Oregon Coast 50K – The race that wasn’t (for me)

Michelle and I keep going back and forth on what we envision for the blog. We have received a lot of positive feedback, but I think it’s mainly because people like seeing pictures of the babies. Which is totally fine. But I also wanted to have a venue to document my running journey and other parts of our life. I have already written briefly about my failed attempt at the Sao Paulo City Marathon and this 50K race was a victim of the same set of unfortunate circumstances.

To recap: in mid February of 2017, I started getting more serious about running. More serious than I ever had been, even during my pretty mediocre marathon attempt in 2015.  Even better, I actually started to enjoy running. I was doing a ton of time on the treadmill because of the rainy days in Seattle, but even still, I was loving it. I ran a half marathon and set a PR by over 10 minutes. I ran a 5K and broke 20 min for the first time. I decided I was training hard enough to start thinking about a second marathon – a marathon attempt I would be proud of.

Simultaneously I have a very good friend (Walter) here in Seattle who is into trail ultramarathons. I am not sure he has ever done a road race, instead focusing on trail races. These trail races had been increasingly interesting to me. I crewed (having clean socks, food, water etc) for Walter in his first 100K race at the Gorge Waterfalls 100K last spring. After that experience, seeing the amazing community and the awesome emotional victories people experienced during the 100K, I knew I wanted to do an ultra and see if I had what it took to finish at least a 50K.  I registered for the October 2017 Oregon Coast 50K with Walter. The race is put on by the same wonderful Rainshadow organization that put on the Gorge Waterfalls.

Per my earlier post, I ended up injuring my hamstring during the summer of 2017. Despite pulling out of the Sao Paulo marathon, I still had hope for the Oregon Coast 50K. Despite a slow but steady return to running, it became clear there just wasn’t enough time to get back up to the serious mileage necessary to be successful in an ultra. In early September I pulled the plug and sold my registration. (Basically every Rainshadow race sells out, and I am thankful they have implemented the ability to transfer registration and recoup your entry cost!).

I was super bummed to be missing out on running, but since Walter was still going and we already had a hotel reserved, I decided to try to volunteer. As I mentioned earlier, the camaraderie and vibe of the people sold me on trying my first ultra, and that continued to be true even as a volunteer.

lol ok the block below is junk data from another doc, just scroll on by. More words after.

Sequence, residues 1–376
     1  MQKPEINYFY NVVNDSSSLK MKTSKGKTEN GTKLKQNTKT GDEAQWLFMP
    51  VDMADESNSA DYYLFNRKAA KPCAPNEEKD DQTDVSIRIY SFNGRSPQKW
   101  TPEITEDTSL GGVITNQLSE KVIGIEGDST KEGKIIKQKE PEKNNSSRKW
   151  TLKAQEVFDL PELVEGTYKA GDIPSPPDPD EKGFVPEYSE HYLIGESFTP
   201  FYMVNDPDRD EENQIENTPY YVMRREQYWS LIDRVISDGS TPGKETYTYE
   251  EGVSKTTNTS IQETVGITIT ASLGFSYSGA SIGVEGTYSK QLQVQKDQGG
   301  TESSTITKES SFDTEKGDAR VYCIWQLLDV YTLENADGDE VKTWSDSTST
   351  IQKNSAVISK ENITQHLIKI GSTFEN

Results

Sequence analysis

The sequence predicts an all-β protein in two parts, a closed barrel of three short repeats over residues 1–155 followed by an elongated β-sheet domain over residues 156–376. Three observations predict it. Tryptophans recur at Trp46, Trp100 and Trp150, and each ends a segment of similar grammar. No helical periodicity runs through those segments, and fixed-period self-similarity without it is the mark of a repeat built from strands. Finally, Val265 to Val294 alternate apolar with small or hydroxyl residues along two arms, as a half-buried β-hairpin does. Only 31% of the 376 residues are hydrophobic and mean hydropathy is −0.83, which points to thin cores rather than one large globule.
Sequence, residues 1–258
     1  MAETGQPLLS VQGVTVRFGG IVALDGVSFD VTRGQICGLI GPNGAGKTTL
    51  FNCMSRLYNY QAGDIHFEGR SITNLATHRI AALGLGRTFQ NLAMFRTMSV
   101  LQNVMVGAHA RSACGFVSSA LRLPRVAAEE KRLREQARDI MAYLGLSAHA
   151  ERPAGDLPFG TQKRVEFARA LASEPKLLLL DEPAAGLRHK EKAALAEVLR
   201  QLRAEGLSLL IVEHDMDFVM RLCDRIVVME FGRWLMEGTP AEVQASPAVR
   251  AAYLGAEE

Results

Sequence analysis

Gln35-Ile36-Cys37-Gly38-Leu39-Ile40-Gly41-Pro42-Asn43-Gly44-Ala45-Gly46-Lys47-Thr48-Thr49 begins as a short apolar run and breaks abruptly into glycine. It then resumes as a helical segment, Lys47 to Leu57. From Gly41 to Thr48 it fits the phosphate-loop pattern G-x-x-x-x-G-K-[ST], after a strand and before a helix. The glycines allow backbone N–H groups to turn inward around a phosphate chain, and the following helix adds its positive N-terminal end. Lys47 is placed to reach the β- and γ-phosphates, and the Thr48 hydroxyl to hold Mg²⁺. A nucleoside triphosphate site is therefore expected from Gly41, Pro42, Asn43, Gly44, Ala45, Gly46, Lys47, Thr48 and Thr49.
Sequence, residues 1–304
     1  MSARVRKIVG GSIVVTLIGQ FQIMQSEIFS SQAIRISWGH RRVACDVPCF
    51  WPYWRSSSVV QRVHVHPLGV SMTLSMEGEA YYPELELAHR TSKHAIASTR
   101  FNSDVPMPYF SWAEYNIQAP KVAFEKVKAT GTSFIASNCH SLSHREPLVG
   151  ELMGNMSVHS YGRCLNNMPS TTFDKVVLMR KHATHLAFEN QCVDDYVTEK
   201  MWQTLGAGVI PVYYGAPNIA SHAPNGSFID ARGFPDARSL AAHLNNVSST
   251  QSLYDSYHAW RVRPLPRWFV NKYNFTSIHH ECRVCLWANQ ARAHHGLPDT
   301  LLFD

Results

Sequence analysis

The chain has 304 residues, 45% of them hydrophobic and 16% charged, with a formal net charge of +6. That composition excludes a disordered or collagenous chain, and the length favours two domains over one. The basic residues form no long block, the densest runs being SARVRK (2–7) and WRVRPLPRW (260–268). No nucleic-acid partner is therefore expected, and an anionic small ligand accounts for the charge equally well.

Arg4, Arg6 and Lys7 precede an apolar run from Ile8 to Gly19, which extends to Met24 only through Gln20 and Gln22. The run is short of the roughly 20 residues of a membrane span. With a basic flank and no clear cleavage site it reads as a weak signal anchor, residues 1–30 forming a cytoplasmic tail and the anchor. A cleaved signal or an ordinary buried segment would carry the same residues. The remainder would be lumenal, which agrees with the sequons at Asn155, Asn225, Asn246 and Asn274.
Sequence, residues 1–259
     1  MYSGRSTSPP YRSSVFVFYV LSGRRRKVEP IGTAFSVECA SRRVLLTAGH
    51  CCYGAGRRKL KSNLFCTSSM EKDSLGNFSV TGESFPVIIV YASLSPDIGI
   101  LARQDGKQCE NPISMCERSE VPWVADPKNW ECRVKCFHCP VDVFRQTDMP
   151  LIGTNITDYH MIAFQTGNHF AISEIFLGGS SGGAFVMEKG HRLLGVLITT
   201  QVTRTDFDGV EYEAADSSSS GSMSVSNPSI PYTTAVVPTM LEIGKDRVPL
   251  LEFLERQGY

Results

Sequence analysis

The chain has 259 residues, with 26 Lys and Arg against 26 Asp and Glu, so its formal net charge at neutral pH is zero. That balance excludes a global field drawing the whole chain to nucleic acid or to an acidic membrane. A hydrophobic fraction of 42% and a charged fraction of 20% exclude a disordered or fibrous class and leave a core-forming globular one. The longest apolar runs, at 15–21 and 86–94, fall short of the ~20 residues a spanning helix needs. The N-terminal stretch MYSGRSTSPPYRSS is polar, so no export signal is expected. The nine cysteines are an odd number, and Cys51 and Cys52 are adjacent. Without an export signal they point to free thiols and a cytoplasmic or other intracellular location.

I volunteered for two shifts: parking and course marshal.  Parking was surprisingly intense. We started in the dark and its amazing how poorly people drive! Despite Hi-Vis gear people still nearly hit me repeatedly. Nonetheless, it was awesome to be the first race ambassador that most people saw that morning. Most people were extremely friendly and also a bit nervous. After seeing everyone off to the start line, I took a quick nap before assuming course marshal duties.


As the course makes use of Siuslaw National Forest trails, Rainshadow has to abide by their rules. The one major rule the park has laid out is no running in front of the Visitor Center. So my job, for 6 hours on a glorious Saturday, was to tell a bunch of people out for a 50K race to walk.  The course actually loops in front of the Center. On the first pass, the course is headed up hill and most runners were more than happy to walk. On the way back it is a pretty stead downhill and most runners were slightly less enthusiastic about stopping. Regardless it was great to see everyone pass twice. There were some people out there struggling but overall runners were consistently upbeat, smiling, and thanking me for volunteering. I was bummed to not be out there running, but happy to help provide that experience for everyone else!


After the race, volunteers got free food from the kick ass after party. Including stone fired pizza. Other perks included reduced entry for another Rainshadow race and a guaranteed spot in next years Oregon Coast race. Despite the set back I am still set on running at least one ultra, and am registered for February’s Orcas Island 50K.

Navigating The Brazilian Medical System

As some of you may know, I have started getting serious about running again. After a really poor marathon in 2015, I decided it was time to get back out there and have a good marathon experience.  I have been training hard through the first half of 2017 and had some good success in shorter races at the beginning of the year.